Gold advocates may not appreciate their favorite precious metal being compared to cryptocurrency, yet the two have more in common than one would assume.
Ancient Greek philosopher Aristotle proposed the following four characteristics that an effective currency should have: it should be durable, portable, divisible, and have an intrinsic value independent of any other factor.
Even those who remain skeptical of cryptocurrency would have to admit that both crypto and gold outperform traditional fiat money in achieving Aristotle’s four principles. So just how much do they have in common?
- Both can function as stores of value, although with varying degrees of stability.
- Each can be used as transactional currencies.
- Both have value independent of the opinion of governmental or financial authorities.
- Gold and (most) cryptocurrencies are both finite and deflationary.
- And, assuming a reliable and constant electricity supply, both could even be considered natural resources. After all, data is now considered a natural resource, while the UN recently declared the internet a basic human right.
The comparisons don’t end there. Just like all natural resources, the majority of them often end up in the hands of a select few and, for the most part, cryptocurrency is no different. The gold market may be more transparent than the diamond market, but ultimately the centralization of resources is one that gold and cryptocurrency share to different extents.
Alright, hyperbole aside, gold does have some features that cryptocurrency doesn’t have.
- Gold isn’t going to disappear just because a solar flare knocks out the world’s power grid.
- But gold still needs to be mined. That may not necessarily require electricity, but it does require manpower, time and expertise.
- Much has been made of cryptocurrency’s impact on the environment, yet gold mining is just as destructive and is still being carried out by slaves in many parts of the world, as opposed to geeky millennials mining crypto on their PCs.
- Cryptocurrency has a leg-up on gold in regards to its portability, after all, it’s easier to split a Bitcoin than it is to split up a gold bar into exact amounts.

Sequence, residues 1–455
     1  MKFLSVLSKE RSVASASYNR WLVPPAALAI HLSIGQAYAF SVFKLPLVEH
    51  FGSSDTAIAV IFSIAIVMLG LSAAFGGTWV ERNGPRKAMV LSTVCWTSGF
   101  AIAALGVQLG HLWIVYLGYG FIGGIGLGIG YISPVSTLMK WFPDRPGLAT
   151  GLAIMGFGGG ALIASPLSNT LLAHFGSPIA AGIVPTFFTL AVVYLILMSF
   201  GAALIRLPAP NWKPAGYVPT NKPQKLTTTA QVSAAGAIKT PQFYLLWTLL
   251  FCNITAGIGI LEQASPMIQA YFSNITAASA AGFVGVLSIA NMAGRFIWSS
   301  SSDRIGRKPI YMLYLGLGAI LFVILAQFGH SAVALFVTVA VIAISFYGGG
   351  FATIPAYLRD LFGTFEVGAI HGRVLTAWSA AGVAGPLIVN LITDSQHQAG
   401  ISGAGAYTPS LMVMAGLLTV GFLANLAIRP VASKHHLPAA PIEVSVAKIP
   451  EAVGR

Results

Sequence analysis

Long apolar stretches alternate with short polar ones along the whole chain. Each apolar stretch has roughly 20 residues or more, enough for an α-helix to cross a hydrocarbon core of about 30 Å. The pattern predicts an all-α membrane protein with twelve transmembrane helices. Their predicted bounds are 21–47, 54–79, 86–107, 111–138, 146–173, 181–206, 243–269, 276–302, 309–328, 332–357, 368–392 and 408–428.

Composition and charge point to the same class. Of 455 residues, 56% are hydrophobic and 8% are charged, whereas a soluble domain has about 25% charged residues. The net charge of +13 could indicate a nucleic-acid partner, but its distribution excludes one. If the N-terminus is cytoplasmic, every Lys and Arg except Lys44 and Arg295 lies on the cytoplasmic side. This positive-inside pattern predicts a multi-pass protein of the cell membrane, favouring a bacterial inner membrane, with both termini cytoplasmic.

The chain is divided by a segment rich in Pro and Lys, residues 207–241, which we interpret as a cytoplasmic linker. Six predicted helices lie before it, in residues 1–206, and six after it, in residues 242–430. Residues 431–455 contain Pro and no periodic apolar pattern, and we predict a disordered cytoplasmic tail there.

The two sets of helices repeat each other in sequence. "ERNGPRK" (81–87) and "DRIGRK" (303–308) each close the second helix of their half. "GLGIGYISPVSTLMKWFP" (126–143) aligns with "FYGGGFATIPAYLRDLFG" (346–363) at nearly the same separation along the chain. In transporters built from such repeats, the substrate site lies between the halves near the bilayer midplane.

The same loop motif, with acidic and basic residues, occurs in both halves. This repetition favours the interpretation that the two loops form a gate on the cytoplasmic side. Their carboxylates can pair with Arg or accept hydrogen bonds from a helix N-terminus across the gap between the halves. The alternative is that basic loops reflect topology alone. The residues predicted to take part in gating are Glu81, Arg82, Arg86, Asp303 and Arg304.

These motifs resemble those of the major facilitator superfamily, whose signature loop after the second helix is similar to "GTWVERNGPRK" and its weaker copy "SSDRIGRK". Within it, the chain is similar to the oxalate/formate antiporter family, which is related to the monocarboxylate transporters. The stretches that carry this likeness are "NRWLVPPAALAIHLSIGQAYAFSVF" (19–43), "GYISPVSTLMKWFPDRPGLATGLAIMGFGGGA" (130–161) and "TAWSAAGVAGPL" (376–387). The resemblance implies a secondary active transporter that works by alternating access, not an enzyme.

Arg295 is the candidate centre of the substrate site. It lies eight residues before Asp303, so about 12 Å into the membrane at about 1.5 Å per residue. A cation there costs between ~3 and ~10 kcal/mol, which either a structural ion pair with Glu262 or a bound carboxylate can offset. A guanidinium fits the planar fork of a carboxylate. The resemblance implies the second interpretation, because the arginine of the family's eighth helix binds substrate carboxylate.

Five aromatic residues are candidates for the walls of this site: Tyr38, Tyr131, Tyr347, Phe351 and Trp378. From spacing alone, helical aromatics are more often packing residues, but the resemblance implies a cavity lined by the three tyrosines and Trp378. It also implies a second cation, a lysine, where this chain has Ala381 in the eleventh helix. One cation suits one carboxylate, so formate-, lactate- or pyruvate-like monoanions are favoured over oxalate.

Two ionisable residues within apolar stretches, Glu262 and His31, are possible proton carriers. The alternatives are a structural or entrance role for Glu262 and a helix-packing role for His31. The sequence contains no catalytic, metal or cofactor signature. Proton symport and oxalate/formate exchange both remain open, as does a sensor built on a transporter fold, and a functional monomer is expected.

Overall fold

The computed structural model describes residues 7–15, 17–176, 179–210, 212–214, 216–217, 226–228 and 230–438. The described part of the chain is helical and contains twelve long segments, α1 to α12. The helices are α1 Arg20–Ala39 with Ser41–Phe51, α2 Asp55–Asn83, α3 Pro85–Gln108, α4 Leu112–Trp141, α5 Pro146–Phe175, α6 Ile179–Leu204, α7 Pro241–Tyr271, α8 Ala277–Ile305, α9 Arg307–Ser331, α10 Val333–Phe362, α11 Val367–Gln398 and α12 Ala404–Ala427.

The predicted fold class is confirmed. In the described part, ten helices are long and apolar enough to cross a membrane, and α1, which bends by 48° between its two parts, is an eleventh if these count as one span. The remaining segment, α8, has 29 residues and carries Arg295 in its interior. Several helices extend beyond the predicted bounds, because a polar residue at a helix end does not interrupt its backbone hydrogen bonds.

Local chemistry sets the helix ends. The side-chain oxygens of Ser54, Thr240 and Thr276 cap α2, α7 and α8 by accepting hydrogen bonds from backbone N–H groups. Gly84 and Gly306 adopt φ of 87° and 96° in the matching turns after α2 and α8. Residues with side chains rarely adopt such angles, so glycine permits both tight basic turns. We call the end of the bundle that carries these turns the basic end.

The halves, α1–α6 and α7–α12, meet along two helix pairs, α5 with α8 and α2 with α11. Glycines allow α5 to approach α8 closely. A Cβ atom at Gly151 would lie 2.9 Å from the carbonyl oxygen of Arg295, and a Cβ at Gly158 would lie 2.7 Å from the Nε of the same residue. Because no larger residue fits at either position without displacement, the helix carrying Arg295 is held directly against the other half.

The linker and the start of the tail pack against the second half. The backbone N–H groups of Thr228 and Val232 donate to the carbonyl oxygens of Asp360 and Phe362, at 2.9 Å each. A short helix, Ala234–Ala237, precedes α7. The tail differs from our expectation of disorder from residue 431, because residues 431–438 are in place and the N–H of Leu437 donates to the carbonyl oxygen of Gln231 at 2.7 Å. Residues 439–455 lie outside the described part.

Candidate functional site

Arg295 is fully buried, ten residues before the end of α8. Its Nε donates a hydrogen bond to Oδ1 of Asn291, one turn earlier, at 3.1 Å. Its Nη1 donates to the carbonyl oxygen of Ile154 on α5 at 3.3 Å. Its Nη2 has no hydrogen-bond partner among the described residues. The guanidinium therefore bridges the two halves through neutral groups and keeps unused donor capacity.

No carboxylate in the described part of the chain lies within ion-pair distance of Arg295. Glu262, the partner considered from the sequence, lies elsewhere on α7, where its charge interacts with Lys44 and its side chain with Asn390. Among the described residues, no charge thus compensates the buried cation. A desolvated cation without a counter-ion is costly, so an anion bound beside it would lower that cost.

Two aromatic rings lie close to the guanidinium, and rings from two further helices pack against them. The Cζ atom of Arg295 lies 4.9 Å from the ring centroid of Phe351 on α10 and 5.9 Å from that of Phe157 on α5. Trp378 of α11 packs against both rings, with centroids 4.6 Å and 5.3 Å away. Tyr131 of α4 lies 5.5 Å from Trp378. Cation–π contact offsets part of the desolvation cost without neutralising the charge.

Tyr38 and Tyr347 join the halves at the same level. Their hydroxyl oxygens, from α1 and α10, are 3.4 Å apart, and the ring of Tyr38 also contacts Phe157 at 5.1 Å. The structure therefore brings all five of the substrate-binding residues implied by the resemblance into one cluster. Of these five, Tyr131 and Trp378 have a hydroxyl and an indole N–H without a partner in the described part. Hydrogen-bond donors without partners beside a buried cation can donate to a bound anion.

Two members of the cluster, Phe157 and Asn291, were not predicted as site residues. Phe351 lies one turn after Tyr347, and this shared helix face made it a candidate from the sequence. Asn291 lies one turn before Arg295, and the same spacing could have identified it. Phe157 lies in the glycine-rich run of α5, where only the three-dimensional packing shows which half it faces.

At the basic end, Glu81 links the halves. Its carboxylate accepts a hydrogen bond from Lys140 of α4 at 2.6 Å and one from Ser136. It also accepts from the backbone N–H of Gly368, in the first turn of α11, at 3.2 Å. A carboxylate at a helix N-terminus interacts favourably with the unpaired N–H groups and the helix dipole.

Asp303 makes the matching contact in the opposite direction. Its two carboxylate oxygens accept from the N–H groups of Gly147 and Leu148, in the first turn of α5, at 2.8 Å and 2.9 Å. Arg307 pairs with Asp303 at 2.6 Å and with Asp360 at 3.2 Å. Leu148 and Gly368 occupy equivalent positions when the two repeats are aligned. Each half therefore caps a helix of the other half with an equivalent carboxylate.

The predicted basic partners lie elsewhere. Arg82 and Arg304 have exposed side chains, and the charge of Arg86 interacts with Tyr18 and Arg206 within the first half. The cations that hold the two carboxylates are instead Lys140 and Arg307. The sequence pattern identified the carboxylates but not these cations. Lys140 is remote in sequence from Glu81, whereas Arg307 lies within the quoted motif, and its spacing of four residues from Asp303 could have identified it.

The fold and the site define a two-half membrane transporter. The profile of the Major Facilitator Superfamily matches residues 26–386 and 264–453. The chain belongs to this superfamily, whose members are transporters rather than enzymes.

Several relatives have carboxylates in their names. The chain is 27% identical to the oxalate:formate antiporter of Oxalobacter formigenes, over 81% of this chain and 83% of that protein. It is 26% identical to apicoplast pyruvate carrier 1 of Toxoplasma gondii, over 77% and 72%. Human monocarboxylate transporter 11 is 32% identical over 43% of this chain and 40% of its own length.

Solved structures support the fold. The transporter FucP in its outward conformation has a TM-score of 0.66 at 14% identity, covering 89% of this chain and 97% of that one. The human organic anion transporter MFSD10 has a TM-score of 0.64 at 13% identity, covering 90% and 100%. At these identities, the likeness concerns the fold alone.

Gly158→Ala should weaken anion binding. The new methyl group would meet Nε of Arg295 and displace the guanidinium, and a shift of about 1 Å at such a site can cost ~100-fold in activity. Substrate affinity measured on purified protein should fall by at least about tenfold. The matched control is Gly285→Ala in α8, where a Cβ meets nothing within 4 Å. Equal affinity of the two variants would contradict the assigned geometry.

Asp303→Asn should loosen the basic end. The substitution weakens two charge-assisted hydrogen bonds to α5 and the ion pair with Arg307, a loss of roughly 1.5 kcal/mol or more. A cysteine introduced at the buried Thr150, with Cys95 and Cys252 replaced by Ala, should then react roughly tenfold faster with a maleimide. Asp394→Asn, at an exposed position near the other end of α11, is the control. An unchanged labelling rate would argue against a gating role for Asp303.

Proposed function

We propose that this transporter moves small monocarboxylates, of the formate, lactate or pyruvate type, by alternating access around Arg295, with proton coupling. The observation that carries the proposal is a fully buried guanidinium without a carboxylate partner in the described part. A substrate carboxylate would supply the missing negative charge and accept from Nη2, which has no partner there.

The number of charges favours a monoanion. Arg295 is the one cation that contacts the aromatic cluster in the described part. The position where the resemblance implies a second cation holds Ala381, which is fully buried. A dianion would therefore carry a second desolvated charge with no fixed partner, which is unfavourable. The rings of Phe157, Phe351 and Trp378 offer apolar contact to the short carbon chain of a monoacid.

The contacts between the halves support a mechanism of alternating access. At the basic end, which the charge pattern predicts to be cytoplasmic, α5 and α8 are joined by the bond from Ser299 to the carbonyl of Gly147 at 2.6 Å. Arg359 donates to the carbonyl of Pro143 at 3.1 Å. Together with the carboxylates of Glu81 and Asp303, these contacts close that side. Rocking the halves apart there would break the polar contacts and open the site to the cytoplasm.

- And yes, gold is much less volatile than cryptocurrency.
The U.S departed from the gold standard in 1971, but for a long time before that paper money was used as a symbol for gold stores that remained elsewhere. Many still call for a return to the times when the paper dollar was backed by gold, and while that would most certainly make the dollar more secure, it doesn’t solve the problem of finding a currency for the internet age. After all, gold coins are hard to transact online, and can’t be easily divided.
The shape of things
The shape of the chart below should seem familiar to cryptocurrency enthusiasts. At first glance, you may think you’re looking at the January-December spike in the cryptocurrency market. Yet the chart actually displays the gold market’s journey over the last twenty years.
If we compare that to the Bitcoin charts over the past year alone, we see some similar shapes, almost as though cryptocurrency was going through an accelerated version of gold’s path over the years.
The similarities between those lines are obviously largely superficial, and both operate on different scales, yet they might also reveal something about the market psychology of the average buyer.
In each of the charts, the rate of growth experiences a sudden spike as popularity accelerates. Likewise, the three-pronged peaks at the top of each chart suggest a distinct similarity between how traders view gold and cryptocurrency.
Ultimately, both gold and cryptocurrency will each be suited to different environmental and technological conditions, but are they really all that different at their cores?